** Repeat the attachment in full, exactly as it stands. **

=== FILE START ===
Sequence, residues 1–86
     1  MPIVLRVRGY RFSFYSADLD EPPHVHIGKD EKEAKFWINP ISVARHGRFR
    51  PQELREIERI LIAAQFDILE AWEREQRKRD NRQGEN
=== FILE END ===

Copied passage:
Sequence, residues 1–86
     1  MPIVLRVRGY RFSFYSADLD EPPHVHIGKD EKEAKFWINP ISVARHGRFR
    51  PQELREIERI LIAAQFDILE AWEREQRKRD NRQGEN